We are proposing an EHR reporting period of a minimum of any continuous 90-day period in CY 2021 for new and returning participants (eligible hospitals and CAHs) in the Medicare Promoting Interoperability Program attesting to CMS.
We are proposing to continue for CY 2020 the Query of PDMP measure as optional and available for bonus points instead of being required as was finalized last year because of unintended and unforeseen challenges which arose from the stakeholder community citing implementation difficulties and provider burden. To minimize burden, we also propose converting this measure from a numerator/denominator response to a yes/no attestation beginning with the EHR reporting period in CY 2019.
We are proposing to remove the Verify Opioid Treatment Agreement measure beginning in CY 2020 from the Promoting Interoperability Program because of received feedback from stakeholders that this measure presents significant implementation challenges, leads to an increase in burden, and does not further interoperability. We are requesting information on the inclusion of more meaningful measures to combat the opioid epidemic. After receiving feedback from stakeholders, we expect to consider adopting other opioid measures will have more value in combatting the opioid epidemic.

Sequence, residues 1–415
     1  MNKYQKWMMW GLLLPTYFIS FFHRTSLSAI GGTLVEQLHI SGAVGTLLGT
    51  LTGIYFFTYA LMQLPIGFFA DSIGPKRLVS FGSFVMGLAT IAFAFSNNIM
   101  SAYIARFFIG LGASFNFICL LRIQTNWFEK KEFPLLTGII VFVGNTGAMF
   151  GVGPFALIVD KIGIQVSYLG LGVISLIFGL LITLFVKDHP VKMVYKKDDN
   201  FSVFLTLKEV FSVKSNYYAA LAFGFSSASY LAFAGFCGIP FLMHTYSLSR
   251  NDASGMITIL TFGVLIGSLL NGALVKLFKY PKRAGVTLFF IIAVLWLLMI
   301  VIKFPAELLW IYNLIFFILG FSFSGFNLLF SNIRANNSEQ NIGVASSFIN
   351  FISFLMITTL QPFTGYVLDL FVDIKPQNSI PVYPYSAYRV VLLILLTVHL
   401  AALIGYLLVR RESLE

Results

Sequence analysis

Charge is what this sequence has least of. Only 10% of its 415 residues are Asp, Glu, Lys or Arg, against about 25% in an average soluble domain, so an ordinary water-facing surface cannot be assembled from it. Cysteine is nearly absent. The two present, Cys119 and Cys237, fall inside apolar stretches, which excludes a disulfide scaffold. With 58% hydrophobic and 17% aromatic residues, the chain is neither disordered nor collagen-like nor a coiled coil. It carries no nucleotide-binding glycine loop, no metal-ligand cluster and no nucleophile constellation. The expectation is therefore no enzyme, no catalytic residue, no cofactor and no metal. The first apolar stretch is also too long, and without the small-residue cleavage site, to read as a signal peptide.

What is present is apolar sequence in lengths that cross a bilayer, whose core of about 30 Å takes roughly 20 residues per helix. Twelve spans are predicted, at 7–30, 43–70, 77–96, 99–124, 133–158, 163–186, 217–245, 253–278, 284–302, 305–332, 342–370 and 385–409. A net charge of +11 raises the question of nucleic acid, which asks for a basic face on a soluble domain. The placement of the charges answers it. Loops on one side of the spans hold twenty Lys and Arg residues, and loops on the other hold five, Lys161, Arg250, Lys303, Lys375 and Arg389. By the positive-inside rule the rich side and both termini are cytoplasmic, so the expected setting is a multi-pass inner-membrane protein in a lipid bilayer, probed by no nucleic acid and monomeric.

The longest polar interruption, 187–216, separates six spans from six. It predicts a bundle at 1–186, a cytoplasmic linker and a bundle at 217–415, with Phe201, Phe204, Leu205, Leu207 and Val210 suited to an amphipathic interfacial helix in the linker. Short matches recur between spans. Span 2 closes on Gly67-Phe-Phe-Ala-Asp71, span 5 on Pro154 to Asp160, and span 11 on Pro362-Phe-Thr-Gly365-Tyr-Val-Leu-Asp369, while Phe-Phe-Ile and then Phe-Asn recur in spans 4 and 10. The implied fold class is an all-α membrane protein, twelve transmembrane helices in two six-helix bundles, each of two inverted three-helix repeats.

CMS also seeks comment on the following topics:
- Opioid measures based on existing efforts by NQF and the CDC for potential inclusion in the Promoting Interoperability Program
- Measures to engage vendors and clinicians in improving the efficiency of healthcare providers use of EHRs
- Inclusion of Medicare Promoting Interoperability Program data on the CMS Hospital Compare website
- Integration of Patient-Generated Health Data into EHRs using CEHRT
- Activities that promote the safety of the EHR
- Measure requiring the use of an open application programming interface (API), including reporting of such a measure as an alternative to the patient access measure.
Proposed Changes to Payment Rates under LTCH PPS
Beginning in FY 2016, under the statutory dual-rate LTCH PPS payment system, only certain discharges receive the LTCH PPS standard payment amount; the remaining discharges receive a relatively lower site neutral payment rate. The law also included a transition period, which ends after cost reporting periods that began in in FY 2019. Therefore, LTCH site neutral payment rate cases will begin to be paid fully on the site neutral payment rate, rather than the transitional blended rate, for LTCH discharges occurring in cost reporting periods beginning in FY 2020.
Overall, for FY 2020, CMS expects LTCH-PPS payments to increase by approximately 0.9 percent or $37 million, which reflects the continued statutory implementation of the revised LTCH PPS payment system. LTCH PPS payments for FY 2020 for discharges paid using the standard LTCH payment rate are expected to increase by 2.3 percent after accounting for the proposed annual standard Federal rate update for FY 2020 of 2.7 percent, and an estimated decrease in outlier payments and other factors.